5 Steps to Set Intentions (Not Resolutions) That Stick, Plus Free Printables

emotional intelligence  positive parenting 

By Guest Author

By: Elizabeth A. Sautter

If you are in the habit of setting goal based resolutions for the new year that feel more like a “have to” than a “get to”, here are some things to consider:

  • A goal is focused on the future with a specific outcome or external "achievement" in mind. Setting goals for a new year can feel overwhelming and, more often than not, vaguely set goals fail to last, leading us to feel discouraged about ourselves.
  • An intention, on the other hand, relates to a larger purpose involving our relationships with both ourselves and others. Unlike future-oriented goals, intentions have the power to shape the way we show up in the world now. For example, "I am kind", "I am powerful", "I ask for what I want and need" - these statements are powerfully stated in the present tense, bringing our minds to the current moment where they can increase our self-awareness. 

  • Setting parenting goals can set us up for a sense of failure or feeling “not good enough”.  But when we set parenting intentions instead, we can come back to them, day after day, or even hour after hour, to remind ourselves how we want to live in the present moment. 
  • Setting intentions rather than resolutions allows you and your family to approach life through the lens of your values and your life purpose, but how do you begin? 

Below we have created a free three page intention setting download to help you map your intensions for the new year out: 

 

All of these steps can be done by yourself, with one child at a time, or as a family.

Your word of the year can be placed in a prominent place as a reminder (e.g. the refrigerator or on a bathroom mirror); or if you prefer, you can place your word in a private place just for you. 

Let’s break intention-setting into 5 simple steps:

STEP 1: Reflect Journal, go for a walk, or meditate, taking time to review the accumulation of moments that shaped your year. You can do this alone and/or with your family. Think about what went well and which life experiences lifted you this past year. What feelings were attached to those experiences? Joy? Excitement? Pride? Do you want more of those feelings? 

And which moments felt uncomfortable? What feelings come along with these memories? Uncertainty? Overwhelm? Disconnection? Do you want less of these feelings? Don’t judge, just notice and observe. Share these memories and feelings or keep them to yourself.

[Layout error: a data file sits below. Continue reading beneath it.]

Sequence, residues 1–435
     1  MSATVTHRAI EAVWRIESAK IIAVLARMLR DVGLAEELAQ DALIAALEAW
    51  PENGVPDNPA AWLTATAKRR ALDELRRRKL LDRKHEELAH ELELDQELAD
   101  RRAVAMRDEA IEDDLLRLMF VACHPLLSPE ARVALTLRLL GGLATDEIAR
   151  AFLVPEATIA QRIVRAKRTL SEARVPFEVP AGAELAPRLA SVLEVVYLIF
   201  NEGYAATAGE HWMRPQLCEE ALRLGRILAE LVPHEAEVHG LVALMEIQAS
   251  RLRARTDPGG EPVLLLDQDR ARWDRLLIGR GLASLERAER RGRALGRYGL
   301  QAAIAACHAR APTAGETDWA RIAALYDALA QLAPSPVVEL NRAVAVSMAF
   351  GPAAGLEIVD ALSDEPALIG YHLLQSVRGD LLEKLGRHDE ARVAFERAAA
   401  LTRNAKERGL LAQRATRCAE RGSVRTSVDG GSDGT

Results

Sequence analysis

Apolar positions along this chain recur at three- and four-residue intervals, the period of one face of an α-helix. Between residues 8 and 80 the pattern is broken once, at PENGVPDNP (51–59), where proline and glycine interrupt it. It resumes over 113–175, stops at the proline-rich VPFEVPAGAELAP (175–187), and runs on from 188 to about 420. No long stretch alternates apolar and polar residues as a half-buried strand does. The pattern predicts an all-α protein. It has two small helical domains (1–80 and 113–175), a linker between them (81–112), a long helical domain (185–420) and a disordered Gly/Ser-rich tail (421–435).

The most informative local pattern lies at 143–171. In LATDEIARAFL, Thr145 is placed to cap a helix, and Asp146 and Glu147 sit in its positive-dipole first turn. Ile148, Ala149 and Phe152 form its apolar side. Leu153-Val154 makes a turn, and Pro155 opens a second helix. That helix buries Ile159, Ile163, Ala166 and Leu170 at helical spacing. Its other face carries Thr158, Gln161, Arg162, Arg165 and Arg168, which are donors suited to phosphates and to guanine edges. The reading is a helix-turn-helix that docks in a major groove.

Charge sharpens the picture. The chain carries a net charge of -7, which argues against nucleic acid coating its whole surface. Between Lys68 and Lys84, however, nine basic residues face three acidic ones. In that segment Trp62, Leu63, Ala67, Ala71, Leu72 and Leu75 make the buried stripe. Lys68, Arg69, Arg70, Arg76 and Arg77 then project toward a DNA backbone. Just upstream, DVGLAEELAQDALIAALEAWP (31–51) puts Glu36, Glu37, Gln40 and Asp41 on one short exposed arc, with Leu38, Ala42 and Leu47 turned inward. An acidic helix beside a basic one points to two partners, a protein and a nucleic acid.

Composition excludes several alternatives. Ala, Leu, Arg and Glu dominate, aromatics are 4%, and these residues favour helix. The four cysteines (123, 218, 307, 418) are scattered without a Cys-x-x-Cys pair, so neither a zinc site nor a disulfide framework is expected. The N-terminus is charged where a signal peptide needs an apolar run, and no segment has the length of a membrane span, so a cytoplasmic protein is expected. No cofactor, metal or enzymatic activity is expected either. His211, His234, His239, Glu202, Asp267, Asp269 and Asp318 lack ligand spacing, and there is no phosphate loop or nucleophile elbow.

STEP 2: Cultivate Once you are clear on what you want more of, hone in on these feelings, actions, experiences, and describe them. Write down the words that resonate with you. Connection? Collaboration? Clarity? Joy and ease? Allow that which you want to attract come to you in the form of a simple word, maybe two, and write them down.

STEP 3: Let Go After thinking about some of the hard times and/or the things you want to create less of, write down the feelings that come with these memories. Confusion? Overwhelm? Frustration? Take a deep breath as you read each word to yourself. Thank each of these more challenging feelings for the lessons they brought and then let them go.

STEP 4: Anchor Once you are clear with what you want to cultivate and what you want to let go of, anchor your intentions by boiling it all down to just one or two words that lift you. This will be your "word of the year", something you can reflect on and revisit daily, bringing both your attention and your intentions to sourcing more of this life-giving vibration into your life. What is your word for the new year?

STEP 5: Say YES!  Now that you have your intention for the new year, tune into this single word or short phrase daily. One powerful visual reminder is to add your intention as an image on your phone's home screen. By keeping your word or phrase "alive" in this way, you will be more apt to notice when it shows up in your life. I already know that some of the things that bring me closer to my intentions are journaling, walks in nature, dancing in the kitchen, and snuggles. These are a daily YES in my life!

Remember, mindful living is a journey, not a destination. Go slow, be gentle with yourself, and celebrate the gift that you are to the world every step of the way.

 

Elizabeth A. Sautter, MA, CCC, is a licensed speech and language pathologist, blogger, author, presenter, certified mindfulness teacher, and founder of Make Social Learning Stick and co-founder of Communication Works, a private practice providing speech and language services to school districts in the San Francisco Bay Area. | See expert's full bio >>

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